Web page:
December 3, 2020 —“I’m not ready” is frequently part of the internal dialogue we have during our lives.
“I’m not ready to leave my family and go to college.”
“I’m not ready to be married.”
“I’m not ready to have a child.”
“I’m not ready for my child to leave for college.”
“I’m not ready to uproot my family for a better opportunity or promotion.”
“I’m not ready to be a grandparent.”
“I’m not ready for retirement.”
However, no matter how many times you felt you were not ready, you prepared and planned until you were ready.
The situation is no different today as you contemplate how to prepare and plan for the rest of your life.
1. Assess your health – physical, mental, financial and spiritual.
2. Set goals and priorities. What do you want your future to be? Where do you want to live? What do you want to do? Envision your life as you’d like it to be in 5, 10, 20, 30, and 40 years. How do you want to benefit the world after you’re gone?
3. Determine challenges. What do you do if your health suddenly deteriorates or you’re hit by a bus? What do you do if there’s another stock market crash or your savings are depleted? What sort of actions should you take to stay healthy and safe? If you’re married, what do you do if your spouse becomes ill or dies?
4. Develop strategies to meet challenges. If something happens, you will already have put mechanisms in place to take care of it. Planning not only helps others follow your wishes, it takes the burden off your loved ones.
Have your attorney prepare a Living Will, a Durable Power of Attorney (covers financial matters only), a Healthcare Power of Attorney (POA), and a letter of instruction. You can write the Living Will and Durable Power of Attorney yourself if you’d prefer.
Be prepared to name someone to take care of your financial affairs for the Durable Power of Attorney and make healthcare decisions for the Healthcare Power of Attorney. Although many people name family members, you are asking them to make stressful decisions, so consider carefully.
Most people are familiar with elder physical abuse or neglect, but elder financial abuse is rampant. Before you dismiss the thought of your family, a healthcare worker or a Nigerian prince scamming you, consider that some cases involve crooked government officials and officers of the court who ignore POAs to drain the assets of people who become incapacitated. Make sure you can trust your lawyer, and you have your legal documents in order.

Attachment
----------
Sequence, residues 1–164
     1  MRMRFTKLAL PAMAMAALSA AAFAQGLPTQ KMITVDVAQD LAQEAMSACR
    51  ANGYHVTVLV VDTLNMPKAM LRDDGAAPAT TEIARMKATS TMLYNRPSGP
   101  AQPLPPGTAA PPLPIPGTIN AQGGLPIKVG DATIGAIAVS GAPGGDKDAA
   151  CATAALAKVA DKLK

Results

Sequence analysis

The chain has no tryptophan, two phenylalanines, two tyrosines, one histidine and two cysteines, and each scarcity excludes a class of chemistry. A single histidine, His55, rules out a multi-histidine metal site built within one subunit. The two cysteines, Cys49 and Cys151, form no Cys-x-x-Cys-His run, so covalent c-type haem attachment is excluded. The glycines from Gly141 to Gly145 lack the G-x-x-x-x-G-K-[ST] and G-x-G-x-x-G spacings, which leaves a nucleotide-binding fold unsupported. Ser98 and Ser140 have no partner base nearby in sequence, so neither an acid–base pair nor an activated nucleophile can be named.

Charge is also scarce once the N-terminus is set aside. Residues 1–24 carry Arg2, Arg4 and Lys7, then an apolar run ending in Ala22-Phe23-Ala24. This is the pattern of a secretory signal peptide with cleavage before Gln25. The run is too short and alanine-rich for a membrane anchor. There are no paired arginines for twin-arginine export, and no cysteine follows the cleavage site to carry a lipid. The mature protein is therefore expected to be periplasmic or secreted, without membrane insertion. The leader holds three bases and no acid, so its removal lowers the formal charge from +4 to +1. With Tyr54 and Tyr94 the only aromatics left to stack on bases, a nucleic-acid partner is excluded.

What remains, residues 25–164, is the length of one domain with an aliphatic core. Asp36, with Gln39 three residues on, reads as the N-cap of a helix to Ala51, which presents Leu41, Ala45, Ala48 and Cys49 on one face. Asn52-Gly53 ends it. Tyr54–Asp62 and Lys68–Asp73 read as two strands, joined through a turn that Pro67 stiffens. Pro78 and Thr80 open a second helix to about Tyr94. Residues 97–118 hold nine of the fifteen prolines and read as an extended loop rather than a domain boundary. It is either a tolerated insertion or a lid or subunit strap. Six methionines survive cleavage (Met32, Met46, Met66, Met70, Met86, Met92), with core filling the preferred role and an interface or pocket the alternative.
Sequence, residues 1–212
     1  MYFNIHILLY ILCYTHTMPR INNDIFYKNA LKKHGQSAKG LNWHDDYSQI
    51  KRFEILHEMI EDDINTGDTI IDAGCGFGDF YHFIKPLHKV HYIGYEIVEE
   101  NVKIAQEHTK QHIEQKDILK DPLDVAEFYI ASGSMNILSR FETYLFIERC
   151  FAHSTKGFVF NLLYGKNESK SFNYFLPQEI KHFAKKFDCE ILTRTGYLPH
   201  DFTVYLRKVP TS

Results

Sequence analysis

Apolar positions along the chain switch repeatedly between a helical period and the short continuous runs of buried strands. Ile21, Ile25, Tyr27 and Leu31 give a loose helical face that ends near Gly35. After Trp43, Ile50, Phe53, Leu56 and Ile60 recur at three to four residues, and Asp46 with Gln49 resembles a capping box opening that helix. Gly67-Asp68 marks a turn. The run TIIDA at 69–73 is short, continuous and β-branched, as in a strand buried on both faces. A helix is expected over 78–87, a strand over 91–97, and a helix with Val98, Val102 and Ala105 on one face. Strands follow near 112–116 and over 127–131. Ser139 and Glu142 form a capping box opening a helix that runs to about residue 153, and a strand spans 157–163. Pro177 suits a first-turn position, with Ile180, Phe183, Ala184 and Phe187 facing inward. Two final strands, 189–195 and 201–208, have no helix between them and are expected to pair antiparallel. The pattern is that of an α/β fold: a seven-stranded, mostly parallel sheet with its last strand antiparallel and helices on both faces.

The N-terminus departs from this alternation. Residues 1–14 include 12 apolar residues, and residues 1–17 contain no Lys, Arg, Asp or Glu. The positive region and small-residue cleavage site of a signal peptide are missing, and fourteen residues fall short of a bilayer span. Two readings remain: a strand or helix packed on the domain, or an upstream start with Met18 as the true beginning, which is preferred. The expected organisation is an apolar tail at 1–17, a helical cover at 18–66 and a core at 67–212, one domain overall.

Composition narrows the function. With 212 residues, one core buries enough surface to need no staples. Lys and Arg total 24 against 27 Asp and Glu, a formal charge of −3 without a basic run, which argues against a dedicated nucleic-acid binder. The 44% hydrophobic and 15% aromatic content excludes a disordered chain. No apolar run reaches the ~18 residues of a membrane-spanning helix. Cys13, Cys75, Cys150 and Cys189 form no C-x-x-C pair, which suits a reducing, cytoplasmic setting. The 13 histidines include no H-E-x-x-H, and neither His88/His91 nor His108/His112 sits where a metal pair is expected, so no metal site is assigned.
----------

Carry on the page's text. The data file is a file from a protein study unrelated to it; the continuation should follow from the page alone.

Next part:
Make a final will or trust. In addition to a paper copy, consider getting an electronic copy. That way, you can send it electronically if you wish.
Make a list of the following so someone won’t be rooting through your stuff to find information if you’re incapacitated:
● Bank accounts, life insurance, and passwords
● Credit cards’ names, numbers PINs and passwords
● Vehicle information, including title, maintenance records, and loan documents.
● Social Security number
● Stocks, bonds, investments, titles, retirement accounts
● Safety deposit box location, number and key
● Home mortgage and real estate investments
● Bills, including automatic payments or any special arrangement
● Names and numbers of your attorney, accountant, financial planner, and executor of your estate
The easiest method to keep and easily update information is to store it in a folder on your computer or even in the cloud. To protect your folder, follow simple instructions for a Windows computer and for a Mac. Once the folder is encrypted, it can be uploaded to your secure cloud storage space or even emailed. Now, all you have to do is send a trusted friend or your attorney the password.
You plan everything else in life, so planning to maintain your mental and physical health shouldn’t be difficult. Even if it isn’t yet, it’s getting more difficult as your body changes.
There are four keys to maintaining the best physical and mental health possible:
1. Exercise. Physical exercise is not only critical in maintaining physical health, it’s critical in preventing depression, preventing cognitive decline, and enhancing mood. AARP offers a brain health assessment and brain games to increase neural plasticity, the ability of the brain to reorganize neural pathways.
2. Nutrition. You already know how nutrition affects physical health, but it also affects mental health. Nutritional deficiencies, including dehydration, can result in symptoms of depression, anxiety, cognitive malfunction, and more.
3. Attitude affects mental and physical health, and physical health affects attitude. A Johns Hopkins University study found that a poor image of health doubles the risk of death within five years.
4. Choice of residence can actually enhance mental and physical health. For example, a residence choice that promotes socialization and encourages a sense of community, such as an active adult living community, can actually prevent depression and increase health. Some communities actually support adults through all the stages from an active lifestyle to needing a little help to requiring nursing care.
There’s a lot to think about, but The Admiral at the Lake Residency Counselors are here to help!